The COVID-19 pandemic has added to Mali’s significant security and social challenges. The outbreak reached Mali relatively late, with first confirmed cases on March 24 and 293 cases (seventeen deaths) as of April 22, 2020. The authorities took early containment measures in March and announced a package of economic and social support measures in early April. Growth is expected to decelerate sharply in 2020 as a result of declines in travel, trade, FDI and remittances. Job losses, weak social safety nets amid high informality, food insecurity and a fragile health system will exacerbate social challenges. Lower economic activity and the policy response will exert significant pressures on the budget and the balance of payments, opening financing gaps of 2.9 and 3.1 percent of GDP, respectively.
The COVID-19 pandemic and concurrent collapse in oil prices are expected to put the economy under extreme stress, particularly in a context of limited buffers. Economic growth will slow, and the fiscal and external positions will weaken, creating significant additional financing needs in 2020.
International Monetary Fund. Middle East and Central Asia Dept.
This paper focuses on the Islamic Republic of Mauritania’s Request for Disbursement Under the Rapid Credit Facility. The economic and social impact of the pandemic is rapidly unfolding, with a contraction of output expected in 2020. The authorities have responded swiftly with measures to contain the pandemic and alleviate its fallout. Going forward, prioritizing health spending and targeted support to the most vulnerable households and sectors in the economy remains critical. The authorities are committed to full transparency and reporting of resources deployed for the emergency response, to audit crisis-mitigation spending once the crisis abates, and to publish the results. At the same time, they remain committed to the economic reform program supported by the ongoing ECF arrangement with the IMF. The program aims at using the fiscal space to increase priority spending on education, health and social protection and infrastructure, while mobilizing domestic revenues and maintaining prudent borrowing policies to preserve debt sustainability.
The Covid-19 pandemic has ended a period of buoyant growth averaging about 6 ½ percent over the last 6 years. Containment measures, lower external demand, reduced remittances, and the sudden stop of travel and tourism are taking a significant toll on the economy. Without forceful policy measures, the current crisis could unravel development gains over the last decade. The authorities have taken strong actions to contain the pandemic and mitigate its economic fallout, supported by significant additional external financing from Senegal’s development partners. The IMF disbursed US$442 million (100 percent of quota) under the RFI/RCF in April.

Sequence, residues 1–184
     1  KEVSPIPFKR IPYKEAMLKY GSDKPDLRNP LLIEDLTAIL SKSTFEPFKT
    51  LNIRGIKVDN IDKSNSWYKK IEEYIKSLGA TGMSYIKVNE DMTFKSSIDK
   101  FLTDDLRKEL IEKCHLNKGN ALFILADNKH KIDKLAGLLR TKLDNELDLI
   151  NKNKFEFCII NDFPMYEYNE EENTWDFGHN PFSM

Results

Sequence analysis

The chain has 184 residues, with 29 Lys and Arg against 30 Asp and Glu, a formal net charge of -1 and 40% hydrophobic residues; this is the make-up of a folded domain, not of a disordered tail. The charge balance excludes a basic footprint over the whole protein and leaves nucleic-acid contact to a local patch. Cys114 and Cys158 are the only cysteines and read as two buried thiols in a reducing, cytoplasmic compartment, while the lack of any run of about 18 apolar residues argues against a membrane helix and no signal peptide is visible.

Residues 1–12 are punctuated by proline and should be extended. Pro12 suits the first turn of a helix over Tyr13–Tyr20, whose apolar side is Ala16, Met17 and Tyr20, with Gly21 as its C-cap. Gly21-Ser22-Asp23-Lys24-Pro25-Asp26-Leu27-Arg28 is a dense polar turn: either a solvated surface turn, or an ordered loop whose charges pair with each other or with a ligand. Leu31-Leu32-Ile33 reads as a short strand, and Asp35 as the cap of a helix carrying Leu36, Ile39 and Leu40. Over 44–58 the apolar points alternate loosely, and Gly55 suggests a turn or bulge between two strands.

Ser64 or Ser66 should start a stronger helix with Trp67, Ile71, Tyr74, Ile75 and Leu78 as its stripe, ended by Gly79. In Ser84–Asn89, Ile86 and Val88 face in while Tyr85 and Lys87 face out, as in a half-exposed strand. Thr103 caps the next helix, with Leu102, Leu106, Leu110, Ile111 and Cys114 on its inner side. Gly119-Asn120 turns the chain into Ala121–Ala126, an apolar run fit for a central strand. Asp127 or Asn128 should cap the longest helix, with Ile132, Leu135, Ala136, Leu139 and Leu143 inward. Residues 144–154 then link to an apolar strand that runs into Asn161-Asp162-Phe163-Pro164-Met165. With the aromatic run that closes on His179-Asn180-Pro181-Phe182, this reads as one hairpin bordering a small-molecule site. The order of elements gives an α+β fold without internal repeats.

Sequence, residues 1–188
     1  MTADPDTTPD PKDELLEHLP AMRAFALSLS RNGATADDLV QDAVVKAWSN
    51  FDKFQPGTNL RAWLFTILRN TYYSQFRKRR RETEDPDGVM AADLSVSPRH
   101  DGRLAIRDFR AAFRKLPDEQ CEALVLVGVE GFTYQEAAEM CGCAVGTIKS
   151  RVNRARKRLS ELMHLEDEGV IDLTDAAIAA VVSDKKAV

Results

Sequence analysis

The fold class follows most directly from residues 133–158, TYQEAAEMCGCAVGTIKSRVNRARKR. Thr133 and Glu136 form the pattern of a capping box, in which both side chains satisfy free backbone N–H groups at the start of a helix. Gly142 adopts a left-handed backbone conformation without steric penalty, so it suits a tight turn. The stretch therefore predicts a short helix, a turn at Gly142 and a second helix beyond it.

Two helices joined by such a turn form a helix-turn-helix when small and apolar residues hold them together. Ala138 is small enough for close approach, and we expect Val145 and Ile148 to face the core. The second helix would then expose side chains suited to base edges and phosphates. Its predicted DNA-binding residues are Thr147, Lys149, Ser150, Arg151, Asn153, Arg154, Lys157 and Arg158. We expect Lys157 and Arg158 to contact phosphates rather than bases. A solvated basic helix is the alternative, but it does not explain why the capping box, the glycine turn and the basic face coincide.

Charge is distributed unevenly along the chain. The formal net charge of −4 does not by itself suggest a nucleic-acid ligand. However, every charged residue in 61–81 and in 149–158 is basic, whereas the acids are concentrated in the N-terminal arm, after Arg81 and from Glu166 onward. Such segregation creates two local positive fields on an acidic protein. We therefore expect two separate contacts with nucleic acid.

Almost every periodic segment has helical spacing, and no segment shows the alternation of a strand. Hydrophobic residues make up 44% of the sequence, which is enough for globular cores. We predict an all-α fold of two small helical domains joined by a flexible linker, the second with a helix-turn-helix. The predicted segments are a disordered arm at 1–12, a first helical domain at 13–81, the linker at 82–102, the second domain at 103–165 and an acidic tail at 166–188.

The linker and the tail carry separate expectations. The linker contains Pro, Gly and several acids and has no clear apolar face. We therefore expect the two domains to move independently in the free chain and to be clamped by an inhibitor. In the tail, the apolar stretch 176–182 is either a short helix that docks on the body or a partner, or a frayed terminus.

International Monetary Fund. Western Hemisphere Dept.
This paper discusses Haiti’s Request for Disbursement Under the Rapid Credit Facility. Coronavirus disease 2019 (COVID-19) poses a major challenge for Haiti, a country in a fragile situation with very limited healthcare services, just emerging from two years of socio-political instability and worsening economic hardship. Measures are being taken by the government to stop the spread of the virus and to cushion the economic impact of the shock. IMF emergency support under the Rapid Credit Facility will help fill the balance of payments gap and create fiscal space for essential health expenditures, income support to workers, and cash and in-kind transfers to households. In order to address the crisis, scarce budgetary resources will need to be allocated to critical spending on disease containment and increased social assistance to the most vulnerable. In order to ensure the appropriate use of emergency financing, the authorities should prepare monthly budget execution reports on COVID-19 expenditures and undertake an ex-post financial and operational audit of COVID-related operations.
The Covid-19 pandemic had a substantial impact on C.A.R.’s economy but appears now somewhat contained. The number of positive cases and related deaths has been very limited over the last few months, even though most containment measures have been progressively loosened. Despite some progress since the February 2019 peace agreement, the security situation remains precarious. Despite some delays in voter registration, the first round of the presidential and general elections is still scheduled on December 27.